You guys are poll-savvy enough by now to know that samples of likely voters always skew a bit more Republican than samples of registereds, so what we’re looking at here is a de facto tie race at worst. Rasmussen has it 47/45 for Romney today; Gallup’s sample, screened for likelies, would probably be right in line with that.

Here’s what a textbook “bounce” looks like on a graph:

No way to know if O would have deflated that quickly under normal circumstances or if his inexcusable negligence in failing to provide security for the Benghazi consulate blunted his momentum, but that’s where we are right now. More from Rick Wilson, who argues that there is indeed a campaign that’s in trouble — but it ain’t Romney’s:

Of the dozen or so Romney gaffes in the primary and beyond, each has been greeted by a media more intent on declaring it to be the fatal moment. Each time, Romney grinds along, pushing through and moving forward…

Barack Obama is running against Mitt Romney, and against a domestic economy in almost existential peril and from an Arab world sinking into chaos and darkness from Algiers to Aleppo, and from two of the world’s economic superpowers about to start a hot war in the Pacific and from his “good war” in Afghanistan warming up to become a genocide at the hands of the Taliban as American troops inevitably withdraw, their decade of sacrifice and heroism squandered…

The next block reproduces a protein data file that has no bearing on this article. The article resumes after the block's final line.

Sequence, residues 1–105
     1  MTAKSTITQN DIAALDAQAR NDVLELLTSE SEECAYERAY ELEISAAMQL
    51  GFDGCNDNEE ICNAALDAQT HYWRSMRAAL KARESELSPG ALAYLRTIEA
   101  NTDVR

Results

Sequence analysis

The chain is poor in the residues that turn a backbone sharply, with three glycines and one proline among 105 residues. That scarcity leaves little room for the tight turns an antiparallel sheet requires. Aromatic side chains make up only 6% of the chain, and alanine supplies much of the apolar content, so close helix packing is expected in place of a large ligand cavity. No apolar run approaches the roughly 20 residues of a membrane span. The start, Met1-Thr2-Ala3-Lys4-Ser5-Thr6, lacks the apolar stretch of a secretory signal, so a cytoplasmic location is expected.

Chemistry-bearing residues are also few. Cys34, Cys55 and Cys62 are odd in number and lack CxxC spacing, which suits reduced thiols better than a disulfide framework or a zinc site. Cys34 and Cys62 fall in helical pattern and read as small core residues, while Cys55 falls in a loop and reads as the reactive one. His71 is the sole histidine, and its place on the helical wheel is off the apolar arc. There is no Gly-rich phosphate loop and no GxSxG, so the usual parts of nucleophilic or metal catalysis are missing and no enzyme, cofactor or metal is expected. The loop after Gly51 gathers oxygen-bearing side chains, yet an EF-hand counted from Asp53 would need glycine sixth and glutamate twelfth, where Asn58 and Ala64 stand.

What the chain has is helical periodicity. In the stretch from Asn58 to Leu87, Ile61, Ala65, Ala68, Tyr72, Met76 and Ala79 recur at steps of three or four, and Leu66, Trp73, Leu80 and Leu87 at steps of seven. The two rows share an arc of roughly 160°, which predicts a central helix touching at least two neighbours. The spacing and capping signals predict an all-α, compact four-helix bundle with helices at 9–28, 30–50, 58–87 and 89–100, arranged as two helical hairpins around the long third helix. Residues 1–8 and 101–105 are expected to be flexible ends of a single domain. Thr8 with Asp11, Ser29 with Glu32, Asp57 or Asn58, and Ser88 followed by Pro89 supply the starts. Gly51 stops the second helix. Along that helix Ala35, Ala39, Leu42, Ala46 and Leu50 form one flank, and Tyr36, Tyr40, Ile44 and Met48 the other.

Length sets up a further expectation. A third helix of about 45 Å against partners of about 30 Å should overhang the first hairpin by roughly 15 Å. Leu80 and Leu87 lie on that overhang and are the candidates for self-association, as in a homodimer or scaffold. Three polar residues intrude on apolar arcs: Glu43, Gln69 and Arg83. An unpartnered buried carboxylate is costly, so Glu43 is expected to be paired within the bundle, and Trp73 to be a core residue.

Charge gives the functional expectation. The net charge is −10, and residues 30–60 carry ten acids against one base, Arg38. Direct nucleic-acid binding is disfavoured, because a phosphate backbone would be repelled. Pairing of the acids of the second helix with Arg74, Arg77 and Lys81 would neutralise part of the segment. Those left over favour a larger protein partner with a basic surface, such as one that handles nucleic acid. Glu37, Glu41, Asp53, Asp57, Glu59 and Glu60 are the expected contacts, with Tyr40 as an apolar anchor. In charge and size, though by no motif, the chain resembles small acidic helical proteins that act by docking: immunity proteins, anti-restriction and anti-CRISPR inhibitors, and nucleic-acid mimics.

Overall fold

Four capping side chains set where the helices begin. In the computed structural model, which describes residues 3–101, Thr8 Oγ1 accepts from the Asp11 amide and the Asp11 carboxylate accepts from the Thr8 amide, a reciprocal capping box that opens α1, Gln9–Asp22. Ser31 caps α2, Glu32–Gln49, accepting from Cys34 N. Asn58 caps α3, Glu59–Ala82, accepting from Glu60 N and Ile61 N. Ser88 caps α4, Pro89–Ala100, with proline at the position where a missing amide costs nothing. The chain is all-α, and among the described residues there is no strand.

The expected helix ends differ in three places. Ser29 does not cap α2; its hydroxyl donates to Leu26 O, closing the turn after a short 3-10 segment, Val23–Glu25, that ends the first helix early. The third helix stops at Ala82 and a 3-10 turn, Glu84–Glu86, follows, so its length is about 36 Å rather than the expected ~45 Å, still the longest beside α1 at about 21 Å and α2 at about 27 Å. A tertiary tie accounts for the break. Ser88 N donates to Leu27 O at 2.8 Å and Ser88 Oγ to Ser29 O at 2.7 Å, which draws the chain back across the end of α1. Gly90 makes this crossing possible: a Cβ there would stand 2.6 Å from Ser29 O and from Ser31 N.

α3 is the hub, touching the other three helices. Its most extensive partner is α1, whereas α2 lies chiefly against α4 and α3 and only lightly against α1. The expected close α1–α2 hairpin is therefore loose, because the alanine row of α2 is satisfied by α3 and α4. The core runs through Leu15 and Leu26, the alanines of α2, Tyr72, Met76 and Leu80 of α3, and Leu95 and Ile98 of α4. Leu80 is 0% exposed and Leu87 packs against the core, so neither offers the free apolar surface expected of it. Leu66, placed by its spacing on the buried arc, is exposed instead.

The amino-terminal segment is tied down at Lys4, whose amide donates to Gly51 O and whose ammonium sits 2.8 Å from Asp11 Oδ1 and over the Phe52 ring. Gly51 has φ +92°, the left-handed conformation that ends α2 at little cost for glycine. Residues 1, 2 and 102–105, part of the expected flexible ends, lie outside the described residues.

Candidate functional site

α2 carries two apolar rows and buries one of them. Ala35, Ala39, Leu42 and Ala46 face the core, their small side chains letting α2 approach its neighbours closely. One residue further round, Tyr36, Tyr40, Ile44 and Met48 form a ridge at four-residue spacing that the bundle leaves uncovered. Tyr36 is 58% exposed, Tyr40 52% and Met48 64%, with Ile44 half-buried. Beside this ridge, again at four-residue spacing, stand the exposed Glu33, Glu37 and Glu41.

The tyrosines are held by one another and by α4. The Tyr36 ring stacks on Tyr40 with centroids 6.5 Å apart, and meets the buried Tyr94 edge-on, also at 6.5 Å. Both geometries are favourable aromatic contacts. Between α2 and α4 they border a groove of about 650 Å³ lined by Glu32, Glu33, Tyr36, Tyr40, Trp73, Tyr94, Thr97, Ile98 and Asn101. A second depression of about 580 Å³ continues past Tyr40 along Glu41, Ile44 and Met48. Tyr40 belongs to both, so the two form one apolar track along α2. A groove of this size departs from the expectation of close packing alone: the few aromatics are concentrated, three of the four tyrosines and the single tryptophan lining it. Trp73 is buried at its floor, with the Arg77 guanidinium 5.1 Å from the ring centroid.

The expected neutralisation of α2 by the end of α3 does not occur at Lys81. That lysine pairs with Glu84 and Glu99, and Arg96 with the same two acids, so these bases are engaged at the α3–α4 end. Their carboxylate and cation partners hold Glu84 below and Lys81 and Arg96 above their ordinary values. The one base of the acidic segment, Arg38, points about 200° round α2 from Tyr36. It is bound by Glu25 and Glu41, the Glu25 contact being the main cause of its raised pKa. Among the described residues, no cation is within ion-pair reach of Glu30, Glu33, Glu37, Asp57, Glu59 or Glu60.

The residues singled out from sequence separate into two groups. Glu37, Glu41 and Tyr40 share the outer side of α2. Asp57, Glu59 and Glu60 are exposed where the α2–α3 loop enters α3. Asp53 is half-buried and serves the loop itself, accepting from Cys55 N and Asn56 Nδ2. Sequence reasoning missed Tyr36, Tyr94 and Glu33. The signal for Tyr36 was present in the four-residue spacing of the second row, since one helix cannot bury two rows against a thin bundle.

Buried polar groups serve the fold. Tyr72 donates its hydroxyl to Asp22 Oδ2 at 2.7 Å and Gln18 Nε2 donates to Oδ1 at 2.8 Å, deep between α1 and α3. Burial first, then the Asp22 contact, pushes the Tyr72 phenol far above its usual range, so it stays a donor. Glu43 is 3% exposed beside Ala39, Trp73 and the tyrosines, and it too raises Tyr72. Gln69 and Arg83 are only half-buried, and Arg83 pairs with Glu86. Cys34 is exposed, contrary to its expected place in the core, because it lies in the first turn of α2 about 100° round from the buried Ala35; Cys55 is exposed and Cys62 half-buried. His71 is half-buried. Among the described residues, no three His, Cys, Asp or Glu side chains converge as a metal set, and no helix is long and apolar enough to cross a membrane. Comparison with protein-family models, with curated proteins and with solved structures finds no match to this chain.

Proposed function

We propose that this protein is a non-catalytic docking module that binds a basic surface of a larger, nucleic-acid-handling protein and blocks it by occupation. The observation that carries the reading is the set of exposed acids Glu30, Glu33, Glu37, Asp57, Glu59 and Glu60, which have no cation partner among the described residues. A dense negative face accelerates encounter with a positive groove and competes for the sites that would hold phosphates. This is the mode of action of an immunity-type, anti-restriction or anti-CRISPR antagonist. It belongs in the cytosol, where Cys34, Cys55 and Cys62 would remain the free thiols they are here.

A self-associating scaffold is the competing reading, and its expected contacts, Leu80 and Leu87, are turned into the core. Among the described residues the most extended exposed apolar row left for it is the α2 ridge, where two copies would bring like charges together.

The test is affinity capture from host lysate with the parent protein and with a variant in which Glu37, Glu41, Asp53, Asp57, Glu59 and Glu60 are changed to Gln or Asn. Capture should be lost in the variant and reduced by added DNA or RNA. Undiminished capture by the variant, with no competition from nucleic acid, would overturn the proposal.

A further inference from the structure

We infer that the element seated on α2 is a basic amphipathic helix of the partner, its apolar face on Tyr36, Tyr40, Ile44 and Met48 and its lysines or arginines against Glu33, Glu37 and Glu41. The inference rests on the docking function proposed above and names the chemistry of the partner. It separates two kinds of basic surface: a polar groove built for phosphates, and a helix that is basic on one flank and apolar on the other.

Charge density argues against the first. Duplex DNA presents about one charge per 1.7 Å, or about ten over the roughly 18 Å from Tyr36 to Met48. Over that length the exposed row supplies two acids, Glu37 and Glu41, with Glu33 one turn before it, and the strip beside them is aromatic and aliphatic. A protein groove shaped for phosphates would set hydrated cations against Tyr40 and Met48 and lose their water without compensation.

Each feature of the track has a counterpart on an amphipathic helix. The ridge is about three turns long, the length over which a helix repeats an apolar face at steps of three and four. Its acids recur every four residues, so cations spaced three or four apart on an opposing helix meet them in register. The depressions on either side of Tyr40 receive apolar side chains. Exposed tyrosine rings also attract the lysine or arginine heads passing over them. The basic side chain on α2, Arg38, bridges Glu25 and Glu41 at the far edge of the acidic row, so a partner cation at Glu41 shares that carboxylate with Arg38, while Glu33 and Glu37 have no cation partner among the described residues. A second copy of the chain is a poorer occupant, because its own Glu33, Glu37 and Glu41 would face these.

Any one of those examples can break, suddenly and terribly, and end Obama’s campaign tomorrow…

No matter what video of Mitt Romney at a fundraiser emerges, the process stories it generates won’t be a part of Americas cultural memory, much less be decisive in this campaign.

If you doubt whether Wilson’s skepticism about major “gaffes” is warranted, go look at the graph John Sides put together showing how the polls moved after each alleged rhetorical screw-up in the race thus far — Obama’s “you didn’t build that,” Romney’s Libya comments, etc. There’s no movement in response to any of them except for Romney on Libya, and the movement there was towards Romney because Obama’s bounce had already started to fade. The obvious caveat here: Romney’s “47 percent” remarks could be different, either on their own merits (he currently owns a fair chunk of the vote among the lowest-income voters) or because the media will flog them relentlessly in hopes of giving Obama a decisive permanent advantage in the race. No way to tell yet if it’ll work, but we’ll probably have some sense from the daily trackers by Friday. The closest thing I can give you to actual data right now is this, which is highly unscientific — but also interesting.

Exit question: What will these polls look like in three weeks, after Romney starts leveraging his massive cash advantage? Says Business Insider: “The past few weeks of Mediocre Mitt are about to end. He’s got more resources than the Obama campaign, and his ability to find cheap media markets and flex his muscle are just coming to the fore. This, plus a few more bad economic months, and he’s in the White House.”